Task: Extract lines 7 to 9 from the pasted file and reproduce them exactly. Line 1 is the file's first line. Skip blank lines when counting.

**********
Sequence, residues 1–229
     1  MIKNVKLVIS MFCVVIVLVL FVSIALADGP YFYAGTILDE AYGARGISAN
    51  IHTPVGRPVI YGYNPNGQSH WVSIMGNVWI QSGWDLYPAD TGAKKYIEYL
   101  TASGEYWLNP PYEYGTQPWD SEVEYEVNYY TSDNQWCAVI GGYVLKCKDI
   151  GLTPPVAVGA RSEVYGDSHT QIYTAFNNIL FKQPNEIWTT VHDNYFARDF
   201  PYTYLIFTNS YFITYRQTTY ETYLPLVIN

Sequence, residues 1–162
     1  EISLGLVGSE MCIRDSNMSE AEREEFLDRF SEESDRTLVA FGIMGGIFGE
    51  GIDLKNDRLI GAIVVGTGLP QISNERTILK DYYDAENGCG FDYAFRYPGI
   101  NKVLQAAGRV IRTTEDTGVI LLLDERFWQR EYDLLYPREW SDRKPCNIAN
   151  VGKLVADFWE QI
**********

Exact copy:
Sequence, residues 1–162
     1  EISLGLVGSE MCIRDSNMSE AEREEFLDRF SEESDRTLVA FGIMGGIFGE
    51  GIDLKNDRLI GAIVVGTGLP QISNERTILK DYYDAENGCG FDYAFRYPGI